Eating too much any time of the day can hurt weight loss efforts. However, is eating in the evening more harmful than over eating at other times? Some follow the rule of not eating after a certain hour, example 8 pm. Well there may be no magic time to not eat after, avoiding over indulging at night may be beneficial for many reasons.
Total calorie intake for the day
Instead of focusing on a time at night to not eat past, focus on your total calorie intake for the whole day. Ideally food intake should be spread out fairly evenly throughout the day, maybe even eating the majority of food intake earlier in the day.
For example, someone could eat about 500 calories for breakfast, lunch and dinner and maybe 250 calories as snacks through the day for a total of 1,750 calories. If someone skips breakfast, eats a small 250 calorie lunch then eats 1,500 calories in the evening. Both scenarios have the same calories, but different distribution.
If you go all day without eating much, you are bound to be very hungry in the evening. When someone goes a long period without eating, they are more likely to consume higher calorie foods and larger portions. See also: Is it bad to only eat once a day for more information.
What’s the difference? Eating high number of calories in a short period of time can promote fat storage and insulin response to a meal greater than a smaller meal. Also, at night you are probably not going to be active and likely to go to bed soon after eating.
Other harmful effects
Night eating syndrome (NES) is defined as eating more than or equal to 25 % of calories in the evening, morning anorexia, getting up in the night and eating something before going back to bed and a depressed mood often accompanies this syndrome. NES can be common in people battling obesity, and it is thought there is an association between night eating and weight gain.
A 2008 study in Eating Behaviors studied the effects of NES on non-obese study participants. People with NES experience greater depression, greater body image concerns, and perceived increase in stress, decreased quality of life and increased anxiety compared to non-obese participants without NES.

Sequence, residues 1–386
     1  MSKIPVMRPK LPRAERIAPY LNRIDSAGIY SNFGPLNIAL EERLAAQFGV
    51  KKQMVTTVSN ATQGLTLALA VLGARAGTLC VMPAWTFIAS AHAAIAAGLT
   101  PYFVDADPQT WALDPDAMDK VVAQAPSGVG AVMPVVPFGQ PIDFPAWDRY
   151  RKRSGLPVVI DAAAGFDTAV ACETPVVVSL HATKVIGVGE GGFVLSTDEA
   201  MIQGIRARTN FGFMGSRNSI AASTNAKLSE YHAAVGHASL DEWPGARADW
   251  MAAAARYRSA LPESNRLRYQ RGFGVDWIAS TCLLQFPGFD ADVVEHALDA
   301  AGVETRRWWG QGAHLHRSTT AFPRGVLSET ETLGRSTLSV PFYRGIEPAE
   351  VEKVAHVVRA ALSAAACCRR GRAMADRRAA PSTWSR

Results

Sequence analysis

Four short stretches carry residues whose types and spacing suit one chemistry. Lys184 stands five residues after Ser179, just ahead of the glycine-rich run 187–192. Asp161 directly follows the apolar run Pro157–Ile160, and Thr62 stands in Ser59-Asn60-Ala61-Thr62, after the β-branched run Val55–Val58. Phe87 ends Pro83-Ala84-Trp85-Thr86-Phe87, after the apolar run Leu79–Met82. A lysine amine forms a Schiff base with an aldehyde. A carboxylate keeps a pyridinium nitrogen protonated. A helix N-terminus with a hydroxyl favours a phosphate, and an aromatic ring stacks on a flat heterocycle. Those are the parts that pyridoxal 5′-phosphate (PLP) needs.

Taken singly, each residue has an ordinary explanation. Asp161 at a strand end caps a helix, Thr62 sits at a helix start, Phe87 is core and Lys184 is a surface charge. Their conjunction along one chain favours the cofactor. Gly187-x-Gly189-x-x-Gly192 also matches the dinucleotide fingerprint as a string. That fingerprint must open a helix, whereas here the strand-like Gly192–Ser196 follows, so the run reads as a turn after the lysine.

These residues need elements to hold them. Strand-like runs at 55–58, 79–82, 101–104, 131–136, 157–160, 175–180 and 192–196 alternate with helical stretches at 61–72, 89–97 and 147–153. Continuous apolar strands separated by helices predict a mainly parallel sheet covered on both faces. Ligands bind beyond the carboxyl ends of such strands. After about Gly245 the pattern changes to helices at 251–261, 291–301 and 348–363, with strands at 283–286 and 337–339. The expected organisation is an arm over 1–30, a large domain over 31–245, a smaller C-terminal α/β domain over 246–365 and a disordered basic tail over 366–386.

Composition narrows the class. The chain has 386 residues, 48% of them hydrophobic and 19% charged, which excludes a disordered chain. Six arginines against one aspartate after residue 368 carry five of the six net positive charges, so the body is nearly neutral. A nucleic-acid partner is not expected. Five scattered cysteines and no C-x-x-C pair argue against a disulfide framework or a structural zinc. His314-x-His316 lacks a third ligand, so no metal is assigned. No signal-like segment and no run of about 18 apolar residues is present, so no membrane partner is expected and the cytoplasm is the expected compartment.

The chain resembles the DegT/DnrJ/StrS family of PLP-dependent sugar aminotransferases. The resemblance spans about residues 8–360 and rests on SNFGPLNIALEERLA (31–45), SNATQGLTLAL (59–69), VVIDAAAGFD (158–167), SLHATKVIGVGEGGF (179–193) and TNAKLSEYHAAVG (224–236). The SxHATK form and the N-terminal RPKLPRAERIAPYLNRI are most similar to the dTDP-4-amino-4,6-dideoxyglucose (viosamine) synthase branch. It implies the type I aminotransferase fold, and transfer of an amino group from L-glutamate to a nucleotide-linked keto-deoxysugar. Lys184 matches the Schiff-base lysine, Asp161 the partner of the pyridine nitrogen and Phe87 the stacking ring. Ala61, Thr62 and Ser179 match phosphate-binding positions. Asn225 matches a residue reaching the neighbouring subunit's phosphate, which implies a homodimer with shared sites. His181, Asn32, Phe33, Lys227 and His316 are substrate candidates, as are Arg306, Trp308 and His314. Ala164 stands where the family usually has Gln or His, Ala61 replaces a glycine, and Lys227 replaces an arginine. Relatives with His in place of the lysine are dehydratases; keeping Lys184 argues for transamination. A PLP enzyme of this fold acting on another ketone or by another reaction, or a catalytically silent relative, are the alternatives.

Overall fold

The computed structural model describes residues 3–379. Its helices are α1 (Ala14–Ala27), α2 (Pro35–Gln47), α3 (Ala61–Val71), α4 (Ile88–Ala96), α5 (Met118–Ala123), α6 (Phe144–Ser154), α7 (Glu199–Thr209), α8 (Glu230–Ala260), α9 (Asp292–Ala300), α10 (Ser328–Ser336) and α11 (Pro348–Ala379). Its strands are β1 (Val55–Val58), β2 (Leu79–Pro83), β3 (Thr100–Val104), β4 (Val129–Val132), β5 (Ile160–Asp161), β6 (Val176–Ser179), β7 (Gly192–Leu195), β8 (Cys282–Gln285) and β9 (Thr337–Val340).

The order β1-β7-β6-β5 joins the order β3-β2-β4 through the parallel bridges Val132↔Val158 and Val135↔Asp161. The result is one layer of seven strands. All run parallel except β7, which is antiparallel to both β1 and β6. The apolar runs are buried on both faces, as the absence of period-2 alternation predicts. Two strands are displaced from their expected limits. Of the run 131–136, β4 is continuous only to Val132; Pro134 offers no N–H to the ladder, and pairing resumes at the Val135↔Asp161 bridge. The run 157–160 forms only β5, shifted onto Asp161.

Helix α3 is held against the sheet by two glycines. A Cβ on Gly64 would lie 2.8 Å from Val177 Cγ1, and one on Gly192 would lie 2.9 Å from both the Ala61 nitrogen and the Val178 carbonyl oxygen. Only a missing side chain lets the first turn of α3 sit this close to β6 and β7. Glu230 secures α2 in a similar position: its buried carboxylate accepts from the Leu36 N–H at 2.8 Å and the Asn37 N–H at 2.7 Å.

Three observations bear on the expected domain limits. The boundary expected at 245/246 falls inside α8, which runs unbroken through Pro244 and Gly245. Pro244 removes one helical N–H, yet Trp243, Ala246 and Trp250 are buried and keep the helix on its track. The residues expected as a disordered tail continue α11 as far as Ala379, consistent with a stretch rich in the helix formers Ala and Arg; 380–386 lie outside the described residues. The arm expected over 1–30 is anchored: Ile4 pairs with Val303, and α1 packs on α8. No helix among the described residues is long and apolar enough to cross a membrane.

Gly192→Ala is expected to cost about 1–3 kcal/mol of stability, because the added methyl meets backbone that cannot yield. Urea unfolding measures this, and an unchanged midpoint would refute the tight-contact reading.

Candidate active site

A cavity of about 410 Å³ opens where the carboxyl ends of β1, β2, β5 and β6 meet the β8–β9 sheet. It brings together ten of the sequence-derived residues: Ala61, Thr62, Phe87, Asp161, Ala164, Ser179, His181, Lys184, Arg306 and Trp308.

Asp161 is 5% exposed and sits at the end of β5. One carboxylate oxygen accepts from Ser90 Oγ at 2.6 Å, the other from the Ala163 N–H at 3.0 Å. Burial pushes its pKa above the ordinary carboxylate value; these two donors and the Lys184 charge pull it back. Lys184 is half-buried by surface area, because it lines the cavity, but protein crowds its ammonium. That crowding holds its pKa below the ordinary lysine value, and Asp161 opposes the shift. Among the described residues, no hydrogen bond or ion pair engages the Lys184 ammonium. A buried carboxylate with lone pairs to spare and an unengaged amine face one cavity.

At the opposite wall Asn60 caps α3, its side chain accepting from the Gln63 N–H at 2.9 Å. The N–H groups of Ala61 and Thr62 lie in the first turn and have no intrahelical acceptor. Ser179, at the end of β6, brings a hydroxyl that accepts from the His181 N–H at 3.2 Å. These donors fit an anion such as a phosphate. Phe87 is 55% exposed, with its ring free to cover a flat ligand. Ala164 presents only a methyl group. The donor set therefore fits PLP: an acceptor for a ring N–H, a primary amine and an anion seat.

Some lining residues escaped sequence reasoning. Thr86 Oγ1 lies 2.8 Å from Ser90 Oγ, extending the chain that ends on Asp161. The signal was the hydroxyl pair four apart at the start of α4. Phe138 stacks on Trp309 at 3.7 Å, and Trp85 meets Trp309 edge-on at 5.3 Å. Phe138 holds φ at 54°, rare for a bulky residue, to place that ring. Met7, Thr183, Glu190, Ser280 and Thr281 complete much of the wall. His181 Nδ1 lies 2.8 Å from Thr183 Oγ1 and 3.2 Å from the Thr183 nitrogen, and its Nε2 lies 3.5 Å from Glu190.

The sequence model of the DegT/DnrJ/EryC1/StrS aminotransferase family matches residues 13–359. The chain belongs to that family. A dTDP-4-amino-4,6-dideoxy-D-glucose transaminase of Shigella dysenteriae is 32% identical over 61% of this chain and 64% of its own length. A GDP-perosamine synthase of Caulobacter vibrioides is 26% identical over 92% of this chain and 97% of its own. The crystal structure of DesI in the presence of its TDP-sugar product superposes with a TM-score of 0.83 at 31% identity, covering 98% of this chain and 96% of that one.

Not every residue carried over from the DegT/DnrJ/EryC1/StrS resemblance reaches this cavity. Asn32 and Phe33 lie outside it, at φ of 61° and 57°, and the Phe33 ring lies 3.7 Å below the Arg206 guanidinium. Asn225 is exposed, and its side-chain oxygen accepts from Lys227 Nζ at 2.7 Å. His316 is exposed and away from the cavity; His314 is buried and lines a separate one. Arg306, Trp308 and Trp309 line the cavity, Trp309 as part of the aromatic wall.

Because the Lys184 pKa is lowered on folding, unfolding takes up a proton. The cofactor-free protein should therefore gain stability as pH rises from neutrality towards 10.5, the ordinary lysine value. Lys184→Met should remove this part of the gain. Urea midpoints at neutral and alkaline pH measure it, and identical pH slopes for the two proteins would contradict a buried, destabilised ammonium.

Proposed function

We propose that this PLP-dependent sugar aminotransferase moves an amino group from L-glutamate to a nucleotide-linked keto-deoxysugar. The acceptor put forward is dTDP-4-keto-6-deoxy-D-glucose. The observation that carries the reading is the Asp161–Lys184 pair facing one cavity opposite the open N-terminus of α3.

This study suggests a NES pattern of eating most of daily calories at night can have other health consequences besides weight gain.
Munching while making dinner or snacking after getting home from work could be adding subtle extra calories that are hampering your weight loss efforts. Maybe you don’t eat a large evening meal and do a good job of spreading out your food intake over the day. It may be the all the little “extras” in the evening that can work against your weight goals.
If you tend to let down your guard after getting home in the evening by eating little extra helpings while making dinner or munch on snacks as a way of unwinding from a stressful day, your habits could keep you from losing weight.
Be mindful of what you’re putting in your mouth. The extra handfuls of snacks or the second helping at dinner could add an additional 200-500 calories in the evening that go unnoticed.
Tips to cut down evening eating
Eating in the evening could be sabotaging your weight loss efforts, and excessive night eating could be related to other negative health effects. In conclusion, here are some tips to cut down evening eating.
- Make sure you are eating a balanced breakfast and lunch if you’re not already. This will keep you from feeling ravenous by the time you get home in the evening. Eat breakfast and lunch that contains fiber, protein and healthy fats.
- Eat a small snack midafternoon if you find yourself really hungry in the evening. Eating a small snack can take the edge of feeling hungry when you get home from work so you can have a sensible portion for dinner. Choose something that is unprocessed like fresh fruit/veggies with yogurt, cottage cheese, nut butter, or a small handful of nuts.
- If you eat out of boredom or as a stress reliever in the evening, find a healthier alternative instead of eating. Go for a walk, ride your bike, knit, paint, garden, etc. Find something that you enjoy and will help you unwind.
- Pay attention to what you put in your mouth. Avoid mindlessly munching on food as you cook, watch tv or are on the computer.
- If you tend to eat the majority of your calories at night, start eating breakfast. You may not feel hungry in the morning, but in order to break the cycle of eating heavily at night and very light through the day you need to shift your habits. With time, you will start to look forward to breakfast and not feel the need to eat so much at night.
- Also read: How to eat lunch and still lose weight
References used in this article